Kim Sanford has thrived in various soccer, classroom roles


Name: Kimberly Sanford

College: Health and Human Performance

Major: Master of Science in kinesiology with a concentration in sports and exercise psychology

Age: 22

Classification/Year: Graduate student

Hometown: Philadelphia, Pennsylvania

Hobbies/interests: Soccer, basketball, and track and field

Clubs and Organizations: ECU Women’s Soccer Team, Black Student-Athlete Organization


Favorite hangout: Women’s soccer locker room

Favorite place on campus: Johnson Stadium

Favorite place to eat: Sup Dogs

Favorite class: Group Dynamics with Dr. Habeeb

Professor who influenced you the most: Dr. Habeeb

Favorite TV show: “Abbot Elementary”   

Favorite band/musician: Meek Mill

Favorite movie: “Training Day”

Favorite superhero: Iron Man


Dream job: Sports psychologist

What advice do you have for other students? Take yourself a little less seriously. One bad grade or one bad day doesn’t make you a bad student, it doesn’t define you. Take a break. Breath. Go hang out with friends. At the end of the day the work will still be there, but opportunities to experience new things and hang out with new people, those are fleeting.

Some of the sports psychology techniques and strategies graduate student Kim Sanford learned in the classroom were practiced almost immediately on the soccer field.

Sanford’s progression as a determined, successful student-athlete was highlighted in her many roles, ranging from team captain to a member of the Black Student-Athlete Organization and as an ardent student to obtain her second degree at East Carolina University.

Along with playing 84 career games with the ECU women’s soccer team, Kim Sanford served as a member of ECU’s Black Student-Athlete Organization.

She received a Bachelor of Science in exercise physiology in December 2020 and is graduating this spring with a Master of Science in kinesiology with a concentration in sport and exercise psychology, using that knowledge to help her in soccer.

“At this level, everyone is good at whatever sport you play and everyone has that physical ability, but your mental ability is what sets you apart,” Sanford said. “If you can hone in on that and really train that aspect, then you are going to have a leg up on your competition. Just being in the graduate program, I found myself really training my mental side and it helped not only in soccer, but in life. When adversity hits, it’s how you deal with that and you can look at it like a challenge and not an obstacle.”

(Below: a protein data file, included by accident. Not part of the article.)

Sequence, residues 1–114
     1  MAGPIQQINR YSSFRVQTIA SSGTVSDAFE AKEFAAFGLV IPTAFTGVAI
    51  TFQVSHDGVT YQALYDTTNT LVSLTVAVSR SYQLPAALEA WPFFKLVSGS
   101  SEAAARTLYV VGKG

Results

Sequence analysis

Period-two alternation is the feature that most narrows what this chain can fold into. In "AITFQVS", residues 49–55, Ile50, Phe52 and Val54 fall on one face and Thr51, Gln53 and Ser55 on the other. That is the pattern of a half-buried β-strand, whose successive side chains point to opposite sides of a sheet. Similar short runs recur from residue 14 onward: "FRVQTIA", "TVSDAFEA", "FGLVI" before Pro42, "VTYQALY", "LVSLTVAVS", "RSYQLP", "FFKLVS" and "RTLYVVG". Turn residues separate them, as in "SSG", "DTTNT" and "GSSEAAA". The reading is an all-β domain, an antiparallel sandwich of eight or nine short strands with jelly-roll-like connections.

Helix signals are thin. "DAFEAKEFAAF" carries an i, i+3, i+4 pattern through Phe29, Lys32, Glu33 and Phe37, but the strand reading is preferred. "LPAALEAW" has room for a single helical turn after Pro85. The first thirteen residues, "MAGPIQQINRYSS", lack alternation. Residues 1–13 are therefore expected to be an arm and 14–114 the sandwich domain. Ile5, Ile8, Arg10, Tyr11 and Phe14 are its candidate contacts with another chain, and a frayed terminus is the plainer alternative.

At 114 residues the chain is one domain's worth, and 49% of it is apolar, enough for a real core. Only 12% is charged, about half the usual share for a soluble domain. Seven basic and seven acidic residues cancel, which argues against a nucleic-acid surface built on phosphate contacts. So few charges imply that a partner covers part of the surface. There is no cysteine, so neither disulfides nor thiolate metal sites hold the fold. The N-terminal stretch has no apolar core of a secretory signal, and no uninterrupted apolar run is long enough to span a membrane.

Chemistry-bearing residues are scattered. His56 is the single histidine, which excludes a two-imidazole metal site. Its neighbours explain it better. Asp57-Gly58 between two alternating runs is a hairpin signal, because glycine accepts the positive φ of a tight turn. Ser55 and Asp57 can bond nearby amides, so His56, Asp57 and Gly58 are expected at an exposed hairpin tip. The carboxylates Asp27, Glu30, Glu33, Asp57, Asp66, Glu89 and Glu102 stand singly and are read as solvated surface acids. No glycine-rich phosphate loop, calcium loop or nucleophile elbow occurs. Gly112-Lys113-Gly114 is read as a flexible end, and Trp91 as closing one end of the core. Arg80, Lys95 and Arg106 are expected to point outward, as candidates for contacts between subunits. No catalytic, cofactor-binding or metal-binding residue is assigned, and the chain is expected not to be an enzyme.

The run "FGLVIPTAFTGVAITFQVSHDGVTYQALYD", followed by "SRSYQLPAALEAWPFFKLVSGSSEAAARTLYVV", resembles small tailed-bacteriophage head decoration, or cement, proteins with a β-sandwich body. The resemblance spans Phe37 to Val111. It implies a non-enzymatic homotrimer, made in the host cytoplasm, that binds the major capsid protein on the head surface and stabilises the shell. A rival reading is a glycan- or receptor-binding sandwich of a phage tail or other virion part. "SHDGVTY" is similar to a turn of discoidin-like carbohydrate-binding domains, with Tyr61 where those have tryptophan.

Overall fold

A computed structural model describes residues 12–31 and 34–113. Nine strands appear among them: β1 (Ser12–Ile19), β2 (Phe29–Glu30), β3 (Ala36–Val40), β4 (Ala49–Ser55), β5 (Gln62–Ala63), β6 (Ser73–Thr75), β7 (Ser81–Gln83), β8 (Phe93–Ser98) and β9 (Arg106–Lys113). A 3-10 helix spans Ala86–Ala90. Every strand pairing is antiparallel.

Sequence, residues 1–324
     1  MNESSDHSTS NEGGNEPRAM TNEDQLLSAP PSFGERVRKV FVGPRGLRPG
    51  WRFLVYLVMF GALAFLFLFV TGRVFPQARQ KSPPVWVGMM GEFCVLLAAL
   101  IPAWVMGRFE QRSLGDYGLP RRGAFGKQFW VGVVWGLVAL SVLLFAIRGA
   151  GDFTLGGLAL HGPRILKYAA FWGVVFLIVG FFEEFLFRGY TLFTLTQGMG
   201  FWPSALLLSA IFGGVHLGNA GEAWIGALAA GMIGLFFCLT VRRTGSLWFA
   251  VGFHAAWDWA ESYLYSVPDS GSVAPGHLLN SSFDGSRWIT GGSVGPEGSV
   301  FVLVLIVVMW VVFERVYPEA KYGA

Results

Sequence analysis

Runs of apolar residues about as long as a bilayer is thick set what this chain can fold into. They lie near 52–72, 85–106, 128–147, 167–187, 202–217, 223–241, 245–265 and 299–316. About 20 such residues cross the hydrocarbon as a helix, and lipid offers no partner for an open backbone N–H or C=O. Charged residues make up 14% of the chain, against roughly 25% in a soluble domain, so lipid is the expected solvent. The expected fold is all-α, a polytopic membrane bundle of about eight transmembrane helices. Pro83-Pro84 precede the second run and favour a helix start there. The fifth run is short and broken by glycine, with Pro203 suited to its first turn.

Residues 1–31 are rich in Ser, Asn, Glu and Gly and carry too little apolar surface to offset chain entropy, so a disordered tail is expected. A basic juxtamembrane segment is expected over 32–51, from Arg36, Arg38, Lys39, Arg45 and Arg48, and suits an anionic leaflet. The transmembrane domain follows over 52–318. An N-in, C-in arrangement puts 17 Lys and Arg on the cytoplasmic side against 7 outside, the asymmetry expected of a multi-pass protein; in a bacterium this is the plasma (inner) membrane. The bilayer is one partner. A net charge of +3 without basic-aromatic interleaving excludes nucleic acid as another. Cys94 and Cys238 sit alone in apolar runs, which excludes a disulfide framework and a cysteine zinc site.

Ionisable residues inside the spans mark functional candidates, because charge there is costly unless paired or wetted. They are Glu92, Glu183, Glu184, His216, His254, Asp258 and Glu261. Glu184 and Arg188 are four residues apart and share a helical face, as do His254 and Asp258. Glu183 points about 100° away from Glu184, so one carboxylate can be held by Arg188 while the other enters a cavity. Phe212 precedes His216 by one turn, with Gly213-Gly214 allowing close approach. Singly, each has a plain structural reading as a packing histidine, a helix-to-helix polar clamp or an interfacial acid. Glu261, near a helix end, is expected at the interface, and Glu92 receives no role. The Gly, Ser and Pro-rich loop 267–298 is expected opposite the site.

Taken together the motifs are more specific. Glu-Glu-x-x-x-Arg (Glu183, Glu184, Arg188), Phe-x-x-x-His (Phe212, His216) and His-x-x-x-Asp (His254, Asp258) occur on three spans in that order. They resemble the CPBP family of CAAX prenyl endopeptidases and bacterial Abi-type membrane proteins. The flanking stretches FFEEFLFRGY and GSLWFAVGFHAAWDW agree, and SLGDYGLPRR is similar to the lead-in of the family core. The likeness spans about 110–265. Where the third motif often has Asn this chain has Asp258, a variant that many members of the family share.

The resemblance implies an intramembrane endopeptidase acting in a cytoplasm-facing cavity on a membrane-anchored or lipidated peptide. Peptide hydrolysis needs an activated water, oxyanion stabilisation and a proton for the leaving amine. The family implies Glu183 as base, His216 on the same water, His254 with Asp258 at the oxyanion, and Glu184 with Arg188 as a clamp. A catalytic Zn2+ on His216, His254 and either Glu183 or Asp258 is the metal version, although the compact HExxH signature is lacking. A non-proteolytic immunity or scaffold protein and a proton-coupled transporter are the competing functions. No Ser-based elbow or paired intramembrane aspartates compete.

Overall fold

Sanford finished last fall with 84 career games played, the most in ECU women’s soccer history, and was named to the All-American Athletic Conference second-team three straight seasons.

After serving as a leader for the Pirates on the field, she quickly transitioned to a new leadership role as a teacher this semester in kinesiology. A colleague said she thrived in classroom management and in building a great rapport with students.

“What I’ve really liked is I’ve gotten to know my students pretty well, just because I am close in age to them,” said Sanford, who has hopes of securing a professional contract to play soccer overseas and later exploring more educational opportunities in sports psychology. “It’s been really interesting being part of their learning process. Watching people learn and gain confidence in different skills has been so cool, because that is one aspect as a student you don’t really see.”

As someone who studies sports psychology, Sanford has been open with teammates and coaches about her personal mental health. She also has seen the topic grow in importance as she enjoyed her years as a Pirate.

“I want to help other athletes who might be struggling, mentally, especially with mental health being so prominent right now,” she said. “I’ve learned so many things here, but my biggest thing is any difficulty that you go through or any pain or a hardship you’ve been through, it always has a purpose. You can always learn something. That was big for me. … I know this all has a purpose. I’m working on something bigger than myself.”

Sanford, second from left, will earn her second degree from ECU this spring.